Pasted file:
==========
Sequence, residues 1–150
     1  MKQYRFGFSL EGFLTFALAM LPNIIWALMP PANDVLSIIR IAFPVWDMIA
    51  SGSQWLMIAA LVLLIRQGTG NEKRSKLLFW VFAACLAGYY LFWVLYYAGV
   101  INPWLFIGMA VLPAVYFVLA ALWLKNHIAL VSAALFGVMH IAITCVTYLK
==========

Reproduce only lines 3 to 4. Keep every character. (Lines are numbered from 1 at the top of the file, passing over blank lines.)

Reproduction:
    51  SGSQWLMIAA LVLLIRQGTG NEKRSKLLFW VFAACLAGYY LFWVLYYAGV
   101  INPWLFIGMA VLPAVYFVLA ALWLKNHIAL VSAALFGVMH IAITCVTYLK